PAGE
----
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Pastor who thinks Jews can’t be saved led opening prayer at U.S. embassy in Jerusalem

Pastor Robert Jeffress wasn't even the only controversial religious leader there.

by Rex Santus
May 14 2018, 3:13pm

Although Pastor Robert Jeffress believes that Benjamin Netanyahu is going to hell, the evangelical leader is thankful for the prime minister’s “courageous leadership” of Israel.

Jeffress, a Southern Baptist preacher, delivered the opening prayer during a ceremony celebrating the U.S. embassy opening in Jerusalem on Monday. Despite his prominent slot at the event, Jeffress had previously expressed that Jews can’t be saved and called Islam a “false religion.”

But Jeffress wasn’t the only controversial religious leader to speak at the event. Pastor John Hagee, the founder of Christians United for Israel, delivered the benediction. He once called Hitler “a hunter” sent by God.

World leaders warned President Donald Trump that his decision in December to move the embassy from Tel Aviv to Jerusalem would only inflame tensions in the region and jeopardize the prospect of peace between Israel and Palestine. As expected, protests turned deadly on Monday as Israeli border guards killed dozens of Palestinians and injured thousands more throwing Molotov cocktails and rocks. The day marked the deadliest in the conflict since the 2014 Gaza war.

Jeffress’ and Hagee’s history of anti-Semitic comments only added to the escalating tensions. In a 2010 lecture, Jeffress said that “God sends good people to Hell,” including Jews and Muslims.

“God sends good people to Hell. Not only do religions like Mormonism, Islam, Judaism, Hinduism — not only do they lead people away from God, they lead people to an eternity of separation from God in Hell,” Jeffress said.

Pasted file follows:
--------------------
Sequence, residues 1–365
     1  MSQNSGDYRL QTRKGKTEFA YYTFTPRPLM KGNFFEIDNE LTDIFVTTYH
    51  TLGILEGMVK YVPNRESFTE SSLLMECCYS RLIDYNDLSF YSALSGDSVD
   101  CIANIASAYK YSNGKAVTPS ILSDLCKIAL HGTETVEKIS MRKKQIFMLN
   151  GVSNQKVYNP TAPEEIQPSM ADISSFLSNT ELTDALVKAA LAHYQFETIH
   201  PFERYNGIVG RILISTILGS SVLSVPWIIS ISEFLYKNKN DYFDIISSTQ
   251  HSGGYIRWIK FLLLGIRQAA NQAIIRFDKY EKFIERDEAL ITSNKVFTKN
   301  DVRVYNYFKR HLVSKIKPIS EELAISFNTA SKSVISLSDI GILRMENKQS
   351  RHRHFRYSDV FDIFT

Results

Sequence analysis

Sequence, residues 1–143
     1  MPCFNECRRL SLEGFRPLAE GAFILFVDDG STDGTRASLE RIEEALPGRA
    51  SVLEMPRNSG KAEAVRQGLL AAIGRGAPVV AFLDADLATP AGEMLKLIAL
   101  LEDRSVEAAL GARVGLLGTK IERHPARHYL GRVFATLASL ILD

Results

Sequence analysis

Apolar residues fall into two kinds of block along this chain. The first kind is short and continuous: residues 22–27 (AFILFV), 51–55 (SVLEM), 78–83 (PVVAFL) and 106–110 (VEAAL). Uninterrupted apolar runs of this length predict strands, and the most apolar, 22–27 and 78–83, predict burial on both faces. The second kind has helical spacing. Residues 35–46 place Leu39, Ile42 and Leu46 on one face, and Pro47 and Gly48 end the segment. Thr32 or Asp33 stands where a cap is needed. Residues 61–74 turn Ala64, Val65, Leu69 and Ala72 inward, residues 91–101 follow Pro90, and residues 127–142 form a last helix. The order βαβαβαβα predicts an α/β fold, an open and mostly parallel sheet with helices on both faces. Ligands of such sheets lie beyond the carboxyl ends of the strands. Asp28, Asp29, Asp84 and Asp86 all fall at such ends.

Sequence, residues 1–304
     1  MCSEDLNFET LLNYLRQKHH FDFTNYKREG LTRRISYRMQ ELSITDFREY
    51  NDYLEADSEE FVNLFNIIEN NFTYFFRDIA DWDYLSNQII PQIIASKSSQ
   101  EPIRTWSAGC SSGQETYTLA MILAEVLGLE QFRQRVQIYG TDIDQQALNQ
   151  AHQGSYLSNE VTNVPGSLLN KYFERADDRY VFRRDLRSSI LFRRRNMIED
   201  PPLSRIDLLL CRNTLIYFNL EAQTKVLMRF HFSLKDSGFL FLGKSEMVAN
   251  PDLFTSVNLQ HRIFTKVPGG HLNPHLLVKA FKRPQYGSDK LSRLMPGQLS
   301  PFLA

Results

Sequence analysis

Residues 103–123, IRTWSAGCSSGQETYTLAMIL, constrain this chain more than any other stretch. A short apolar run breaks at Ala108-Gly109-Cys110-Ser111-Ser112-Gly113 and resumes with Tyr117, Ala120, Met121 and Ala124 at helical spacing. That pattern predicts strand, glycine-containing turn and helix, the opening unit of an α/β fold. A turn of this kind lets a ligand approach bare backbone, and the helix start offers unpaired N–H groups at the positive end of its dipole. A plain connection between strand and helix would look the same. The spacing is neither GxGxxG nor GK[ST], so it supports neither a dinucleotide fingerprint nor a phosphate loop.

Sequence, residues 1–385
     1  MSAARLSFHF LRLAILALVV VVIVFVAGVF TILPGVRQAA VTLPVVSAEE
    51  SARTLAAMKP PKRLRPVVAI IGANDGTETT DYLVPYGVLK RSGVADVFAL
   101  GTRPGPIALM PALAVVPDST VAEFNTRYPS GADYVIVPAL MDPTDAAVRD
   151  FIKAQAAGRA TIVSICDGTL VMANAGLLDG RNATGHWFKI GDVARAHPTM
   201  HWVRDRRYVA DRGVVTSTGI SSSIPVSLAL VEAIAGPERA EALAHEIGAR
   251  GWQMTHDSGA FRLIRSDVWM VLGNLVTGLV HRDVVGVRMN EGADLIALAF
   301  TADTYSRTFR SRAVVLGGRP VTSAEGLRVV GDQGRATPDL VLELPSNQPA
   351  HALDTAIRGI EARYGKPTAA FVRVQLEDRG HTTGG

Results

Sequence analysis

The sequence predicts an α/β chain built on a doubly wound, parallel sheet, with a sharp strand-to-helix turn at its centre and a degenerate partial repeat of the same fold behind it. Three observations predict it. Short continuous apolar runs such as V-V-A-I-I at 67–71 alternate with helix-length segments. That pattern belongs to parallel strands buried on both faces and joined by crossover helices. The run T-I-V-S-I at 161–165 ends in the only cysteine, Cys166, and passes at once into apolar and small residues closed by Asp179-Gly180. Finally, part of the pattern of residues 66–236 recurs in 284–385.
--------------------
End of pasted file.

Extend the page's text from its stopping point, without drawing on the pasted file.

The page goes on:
Former presidential contender Mitt Romney, who’s running for U.S. Senate in Utah, condemned Jeffress’ past remarks, including that Jews “can’t be saved,” on Twitter Sunday. Romney, who’s Mormon, also said that Jeffress has proclaimed his religion a “heresy from the pit of hell.”

Jeffress responded by defending his beliefs that only Christians receive religious salvation.

Hagee also ran into accusations of anti-Semitism during the 2008 election after he endorsed John McCain for president. McCain ultimately rejected Hagee’s endorsement when old audio from one of Hagee’s sermons went public. In the sermon, Hagee seems to indicate that Adolf Hitler may have been aiding to fulfill God’s prophecy of the Jews’ return to Israel.

"God says in Jeremiah 16: 'Behold, I will bring them the Jewish people again unto their land that I gave to their fathers. ... Behold, I will send for many fishers, and after will I send for many hunters,'" Hagee said, according to a transcript of the sermon obtained by CNN. "'And they the hunters shall hunt them.' That would be the Jews. ... Then God sent a hunter. A hunter is someone who comes with a gun and he forces you. Hitler was a hunter."

Hagee dismissed the controversy surrounding these remarks, saying they “grossly misrepresented” his actual positions.

During their remarks on Monday, however, both Jeffress and Hagee both took a markedly different tone.

“Israel has blessed this world by pointing us to you, the one true god, through the message of her prophets, the Scriptures, and the messiah,” Jeffress said at the ceremony. “We come before you today for your providential and powerful protection of this nation from all who seek to destroy her.”

“We thank you for the state of Israel, the lone torch of freedom in the Middle East,” Hagee said. “Let every Islamic terrorist hear this message: Israel lives.”

Cover image: United States President Donald J. Trump and Pastor Robert Jeffress participate in the Celebrate Freedom Rally at the John F. Kennedy Center for the Performing Arts in Washington, D.C., on July 1, 2017. (Olivier Douliery/picture-alliance/dpa/AP Images)